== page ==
Men undergoing kidney dialysis may have lower testosterone and reproductive hormone levels, providing evidence as to why this group are more prone to bone fractures, a new Hudson Institute of Medical Research study has shown.
The study, by Clinical Associate Professor Frances Milat and first author Dr Jasna Aleksova, suggests hormone replacement therapy could be used in clinical trials for people undergoing kidney dialysis.
The findings of the study, a collaboration between Hudson Institute, Monash Health, Monash University and Professor Grahame Elder from Westmead Hospital, have been published in the journal Kidney International.
The team examined 312 men who were on long-term dialysis therapy awaiting kidney, or pancreas and kidney, transplantation. The levels of testosterone, oestrogen and sex hormone-binding globulin (which binds to oestrogen and testosterone) were compared with bone mineral density and fractures.
They found that 42 per cent of the men had experienced a previous fracture, and that fracture risk was associated with sex hormone levels.
“We know that people with chronic kidney disease and those receiving dialysis are at a significantly increased risk of bone fractures,” Dr Aleksova, a consultant endocrinologist and PhD student, explains.
Reproductive hormones (testosterone and oestrogen) help keep bones strong and healthy. In the general population, when the levels of these hormones are low in the body, bones become fragile and are more likely to break or fracture.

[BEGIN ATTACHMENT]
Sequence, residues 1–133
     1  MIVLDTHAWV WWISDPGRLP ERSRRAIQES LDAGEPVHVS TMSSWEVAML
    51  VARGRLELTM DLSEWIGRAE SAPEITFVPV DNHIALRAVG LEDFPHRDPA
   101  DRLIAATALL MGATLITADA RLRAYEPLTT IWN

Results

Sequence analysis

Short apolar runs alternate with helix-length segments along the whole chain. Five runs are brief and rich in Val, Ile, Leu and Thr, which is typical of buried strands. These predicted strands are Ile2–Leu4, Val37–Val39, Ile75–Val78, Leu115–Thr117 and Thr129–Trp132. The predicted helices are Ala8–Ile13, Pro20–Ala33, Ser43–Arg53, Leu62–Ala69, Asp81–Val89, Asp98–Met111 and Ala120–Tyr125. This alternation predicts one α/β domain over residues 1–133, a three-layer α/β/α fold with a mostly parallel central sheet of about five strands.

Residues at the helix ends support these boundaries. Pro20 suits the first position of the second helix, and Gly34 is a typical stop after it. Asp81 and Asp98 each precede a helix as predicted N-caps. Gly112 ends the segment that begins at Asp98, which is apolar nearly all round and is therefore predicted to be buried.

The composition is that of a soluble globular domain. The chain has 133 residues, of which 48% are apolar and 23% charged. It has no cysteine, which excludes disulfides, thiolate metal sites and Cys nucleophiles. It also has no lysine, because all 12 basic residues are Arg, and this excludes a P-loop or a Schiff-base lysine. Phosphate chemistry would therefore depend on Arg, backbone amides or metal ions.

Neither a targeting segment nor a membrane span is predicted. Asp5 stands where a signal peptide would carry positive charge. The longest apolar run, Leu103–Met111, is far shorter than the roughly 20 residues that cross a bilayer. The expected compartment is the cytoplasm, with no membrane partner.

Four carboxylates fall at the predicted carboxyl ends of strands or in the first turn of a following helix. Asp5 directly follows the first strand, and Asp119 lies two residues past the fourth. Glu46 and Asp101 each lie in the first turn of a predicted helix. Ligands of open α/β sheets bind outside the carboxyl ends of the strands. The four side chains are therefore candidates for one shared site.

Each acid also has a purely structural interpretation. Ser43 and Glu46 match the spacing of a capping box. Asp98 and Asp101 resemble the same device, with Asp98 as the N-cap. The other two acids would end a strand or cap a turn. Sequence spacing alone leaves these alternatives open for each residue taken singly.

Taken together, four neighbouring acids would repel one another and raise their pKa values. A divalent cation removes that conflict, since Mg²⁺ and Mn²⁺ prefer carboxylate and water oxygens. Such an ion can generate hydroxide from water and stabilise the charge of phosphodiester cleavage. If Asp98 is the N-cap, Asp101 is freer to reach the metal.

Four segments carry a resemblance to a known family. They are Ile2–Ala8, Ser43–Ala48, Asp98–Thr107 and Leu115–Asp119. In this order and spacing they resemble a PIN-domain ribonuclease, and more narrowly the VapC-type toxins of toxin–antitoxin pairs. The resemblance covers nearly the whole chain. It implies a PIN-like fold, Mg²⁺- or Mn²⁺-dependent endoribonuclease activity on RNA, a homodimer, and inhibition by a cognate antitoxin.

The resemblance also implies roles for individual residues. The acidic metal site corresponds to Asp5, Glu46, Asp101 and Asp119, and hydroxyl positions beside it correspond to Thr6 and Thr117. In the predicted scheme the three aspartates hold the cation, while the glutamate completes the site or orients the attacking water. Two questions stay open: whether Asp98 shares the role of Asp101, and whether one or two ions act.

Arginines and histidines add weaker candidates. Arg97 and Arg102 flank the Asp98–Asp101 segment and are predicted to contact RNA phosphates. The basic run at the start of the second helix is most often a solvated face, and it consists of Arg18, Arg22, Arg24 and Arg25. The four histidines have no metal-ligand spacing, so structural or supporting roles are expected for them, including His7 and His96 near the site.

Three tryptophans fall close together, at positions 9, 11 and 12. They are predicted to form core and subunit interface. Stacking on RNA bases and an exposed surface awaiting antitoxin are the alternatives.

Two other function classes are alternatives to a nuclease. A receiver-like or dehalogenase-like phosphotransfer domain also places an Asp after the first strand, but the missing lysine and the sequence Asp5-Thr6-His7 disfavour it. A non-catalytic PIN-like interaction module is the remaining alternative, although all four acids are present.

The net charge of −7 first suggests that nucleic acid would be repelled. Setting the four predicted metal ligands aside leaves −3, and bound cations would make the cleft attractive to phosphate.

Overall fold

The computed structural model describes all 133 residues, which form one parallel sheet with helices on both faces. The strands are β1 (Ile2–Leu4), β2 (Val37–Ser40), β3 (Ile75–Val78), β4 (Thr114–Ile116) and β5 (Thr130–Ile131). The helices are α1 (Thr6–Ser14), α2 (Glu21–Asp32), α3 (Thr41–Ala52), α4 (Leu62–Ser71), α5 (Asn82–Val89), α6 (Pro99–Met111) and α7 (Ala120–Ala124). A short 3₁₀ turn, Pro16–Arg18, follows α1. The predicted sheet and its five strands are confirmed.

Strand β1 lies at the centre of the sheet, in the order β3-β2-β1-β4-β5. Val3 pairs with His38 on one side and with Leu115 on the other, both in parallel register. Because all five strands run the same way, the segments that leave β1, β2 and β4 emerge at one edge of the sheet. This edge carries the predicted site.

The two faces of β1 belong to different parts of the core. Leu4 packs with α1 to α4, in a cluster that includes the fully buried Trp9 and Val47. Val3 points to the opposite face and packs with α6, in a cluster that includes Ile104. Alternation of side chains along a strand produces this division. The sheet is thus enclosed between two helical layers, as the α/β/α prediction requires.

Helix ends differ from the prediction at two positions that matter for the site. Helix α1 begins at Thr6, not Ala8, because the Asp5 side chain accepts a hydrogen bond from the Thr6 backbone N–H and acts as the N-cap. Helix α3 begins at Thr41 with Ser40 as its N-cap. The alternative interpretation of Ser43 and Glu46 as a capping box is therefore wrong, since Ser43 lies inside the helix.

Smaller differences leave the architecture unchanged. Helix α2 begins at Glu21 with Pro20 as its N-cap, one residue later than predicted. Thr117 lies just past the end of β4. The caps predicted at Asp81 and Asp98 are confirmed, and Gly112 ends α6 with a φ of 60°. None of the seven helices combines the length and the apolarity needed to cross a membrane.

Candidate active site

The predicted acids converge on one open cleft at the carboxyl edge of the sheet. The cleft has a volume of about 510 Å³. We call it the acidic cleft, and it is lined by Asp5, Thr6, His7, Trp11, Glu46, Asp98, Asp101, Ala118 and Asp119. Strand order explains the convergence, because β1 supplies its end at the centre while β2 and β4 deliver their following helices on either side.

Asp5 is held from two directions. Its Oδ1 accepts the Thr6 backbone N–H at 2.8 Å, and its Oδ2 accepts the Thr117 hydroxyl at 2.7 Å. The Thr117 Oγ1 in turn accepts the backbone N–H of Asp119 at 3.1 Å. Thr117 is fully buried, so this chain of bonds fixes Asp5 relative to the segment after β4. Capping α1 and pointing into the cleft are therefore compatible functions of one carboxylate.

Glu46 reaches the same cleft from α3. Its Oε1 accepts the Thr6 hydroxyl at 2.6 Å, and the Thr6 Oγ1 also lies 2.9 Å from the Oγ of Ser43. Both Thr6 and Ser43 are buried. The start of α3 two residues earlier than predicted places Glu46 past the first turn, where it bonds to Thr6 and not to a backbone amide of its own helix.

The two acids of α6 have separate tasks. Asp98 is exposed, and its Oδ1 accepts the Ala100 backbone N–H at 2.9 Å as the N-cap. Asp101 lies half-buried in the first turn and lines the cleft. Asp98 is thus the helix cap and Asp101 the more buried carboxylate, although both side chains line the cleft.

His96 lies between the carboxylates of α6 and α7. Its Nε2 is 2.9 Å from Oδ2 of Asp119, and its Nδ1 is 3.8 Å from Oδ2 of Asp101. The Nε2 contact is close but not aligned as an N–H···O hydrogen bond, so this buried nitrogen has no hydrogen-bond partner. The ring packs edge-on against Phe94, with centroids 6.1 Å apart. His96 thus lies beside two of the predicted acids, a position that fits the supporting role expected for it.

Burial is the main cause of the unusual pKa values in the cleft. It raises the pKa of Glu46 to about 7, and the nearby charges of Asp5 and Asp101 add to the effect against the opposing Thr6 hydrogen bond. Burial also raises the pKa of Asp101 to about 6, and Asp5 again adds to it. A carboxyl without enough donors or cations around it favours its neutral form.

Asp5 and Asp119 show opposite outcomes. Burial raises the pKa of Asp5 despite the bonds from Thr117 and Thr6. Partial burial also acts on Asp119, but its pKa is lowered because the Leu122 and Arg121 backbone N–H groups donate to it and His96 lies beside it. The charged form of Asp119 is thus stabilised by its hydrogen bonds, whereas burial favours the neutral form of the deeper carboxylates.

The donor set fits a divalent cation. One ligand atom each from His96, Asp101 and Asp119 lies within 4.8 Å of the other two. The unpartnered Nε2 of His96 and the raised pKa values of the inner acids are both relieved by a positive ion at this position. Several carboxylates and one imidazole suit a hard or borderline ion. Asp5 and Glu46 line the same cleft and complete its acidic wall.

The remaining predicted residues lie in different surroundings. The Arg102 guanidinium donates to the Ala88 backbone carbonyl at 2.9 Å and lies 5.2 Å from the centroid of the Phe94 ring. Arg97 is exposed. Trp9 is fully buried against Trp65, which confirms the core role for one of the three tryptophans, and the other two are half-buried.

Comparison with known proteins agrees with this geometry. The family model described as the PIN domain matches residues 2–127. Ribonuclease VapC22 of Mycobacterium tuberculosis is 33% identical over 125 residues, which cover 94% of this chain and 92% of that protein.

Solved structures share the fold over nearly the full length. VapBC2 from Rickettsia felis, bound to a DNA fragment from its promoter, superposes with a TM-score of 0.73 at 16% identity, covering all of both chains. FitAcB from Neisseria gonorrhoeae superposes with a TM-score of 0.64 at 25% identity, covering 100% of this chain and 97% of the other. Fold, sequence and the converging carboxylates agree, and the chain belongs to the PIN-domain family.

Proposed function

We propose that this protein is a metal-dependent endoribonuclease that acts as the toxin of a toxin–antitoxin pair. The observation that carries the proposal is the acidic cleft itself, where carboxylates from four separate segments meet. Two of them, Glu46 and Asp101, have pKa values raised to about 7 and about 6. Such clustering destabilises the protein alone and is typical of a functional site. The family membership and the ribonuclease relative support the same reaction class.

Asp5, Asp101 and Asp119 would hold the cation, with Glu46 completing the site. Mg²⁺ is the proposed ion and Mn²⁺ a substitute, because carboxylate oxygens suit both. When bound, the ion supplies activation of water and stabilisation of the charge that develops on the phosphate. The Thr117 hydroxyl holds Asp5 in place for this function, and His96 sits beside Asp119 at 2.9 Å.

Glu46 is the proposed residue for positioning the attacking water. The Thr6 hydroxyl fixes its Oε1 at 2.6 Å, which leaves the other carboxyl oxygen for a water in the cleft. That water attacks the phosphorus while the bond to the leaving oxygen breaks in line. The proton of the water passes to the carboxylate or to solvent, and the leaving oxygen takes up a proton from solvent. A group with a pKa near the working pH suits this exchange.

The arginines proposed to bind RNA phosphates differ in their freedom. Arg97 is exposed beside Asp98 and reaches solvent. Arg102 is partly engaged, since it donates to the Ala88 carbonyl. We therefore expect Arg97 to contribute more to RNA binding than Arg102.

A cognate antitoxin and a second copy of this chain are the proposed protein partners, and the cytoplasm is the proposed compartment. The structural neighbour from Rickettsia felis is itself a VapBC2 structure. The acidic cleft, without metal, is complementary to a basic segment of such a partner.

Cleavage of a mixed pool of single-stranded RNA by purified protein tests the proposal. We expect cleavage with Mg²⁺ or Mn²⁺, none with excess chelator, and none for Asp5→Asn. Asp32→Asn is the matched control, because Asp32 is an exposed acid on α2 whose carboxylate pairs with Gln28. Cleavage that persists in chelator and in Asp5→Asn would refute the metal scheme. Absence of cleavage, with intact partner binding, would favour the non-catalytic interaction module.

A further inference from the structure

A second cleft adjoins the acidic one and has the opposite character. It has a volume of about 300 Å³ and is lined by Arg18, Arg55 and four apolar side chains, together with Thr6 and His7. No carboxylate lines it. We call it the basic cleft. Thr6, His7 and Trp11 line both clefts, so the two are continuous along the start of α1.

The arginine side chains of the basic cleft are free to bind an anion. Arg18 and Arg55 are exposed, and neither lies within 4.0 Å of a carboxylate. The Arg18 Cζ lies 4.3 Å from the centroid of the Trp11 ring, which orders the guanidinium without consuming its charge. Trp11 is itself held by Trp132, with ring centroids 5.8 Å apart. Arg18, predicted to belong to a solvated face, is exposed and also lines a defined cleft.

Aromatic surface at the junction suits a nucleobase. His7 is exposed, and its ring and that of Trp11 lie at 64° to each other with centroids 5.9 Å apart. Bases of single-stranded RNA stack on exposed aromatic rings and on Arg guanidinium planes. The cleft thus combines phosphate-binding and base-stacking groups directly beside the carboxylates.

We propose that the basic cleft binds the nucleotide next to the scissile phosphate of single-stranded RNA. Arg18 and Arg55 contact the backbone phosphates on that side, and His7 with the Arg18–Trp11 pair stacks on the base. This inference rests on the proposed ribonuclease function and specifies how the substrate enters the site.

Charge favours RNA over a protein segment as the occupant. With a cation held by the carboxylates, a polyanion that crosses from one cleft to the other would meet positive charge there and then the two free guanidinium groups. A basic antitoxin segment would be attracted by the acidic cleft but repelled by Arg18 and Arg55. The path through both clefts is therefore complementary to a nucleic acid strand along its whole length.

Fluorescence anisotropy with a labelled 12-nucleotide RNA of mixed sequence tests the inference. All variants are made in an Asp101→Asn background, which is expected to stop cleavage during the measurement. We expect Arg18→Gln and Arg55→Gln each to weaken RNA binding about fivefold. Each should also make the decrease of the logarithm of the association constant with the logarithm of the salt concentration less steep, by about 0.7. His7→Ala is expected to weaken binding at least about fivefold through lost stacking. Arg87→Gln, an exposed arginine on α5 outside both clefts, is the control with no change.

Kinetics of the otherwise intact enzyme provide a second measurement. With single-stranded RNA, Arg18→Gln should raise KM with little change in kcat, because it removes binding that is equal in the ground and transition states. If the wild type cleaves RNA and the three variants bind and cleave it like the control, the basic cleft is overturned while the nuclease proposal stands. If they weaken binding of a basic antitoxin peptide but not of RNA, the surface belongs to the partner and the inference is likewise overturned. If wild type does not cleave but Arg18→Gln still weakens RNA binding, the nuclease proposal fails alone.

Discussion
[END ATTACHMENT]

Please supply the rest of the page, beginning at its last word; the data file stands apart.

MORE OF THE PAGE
“Despite this, the relationship between people with chronic kidney disease, bone fractures and sex hormones has not been established.”
Dr Aleksova says the study sets the scene for larger studies and clinical trials to assess the potential benefits of hormone replacement therapies on bone health in patients with chronic kidney disease.
“If these trials prove successful, these patients will have improved bone quality which will ultimately lead to fewer fractures, improved quality of life and reduced mortality.”
CHRONIC KIDNEY DISEASE AND BONE FRACTURES FACTS
One in ten Australians have chronic kidney disease and the prevalence is increasing.
As the disease progresses, bone quality is compromised and, correspondingly, the risk of fractures significantly increases.
Patients with chronic kidney disease have up to a 60-fold greater risk of fracturing, and are more likely to die following a fracture, when compared to the general population.
Hudson Institute communications
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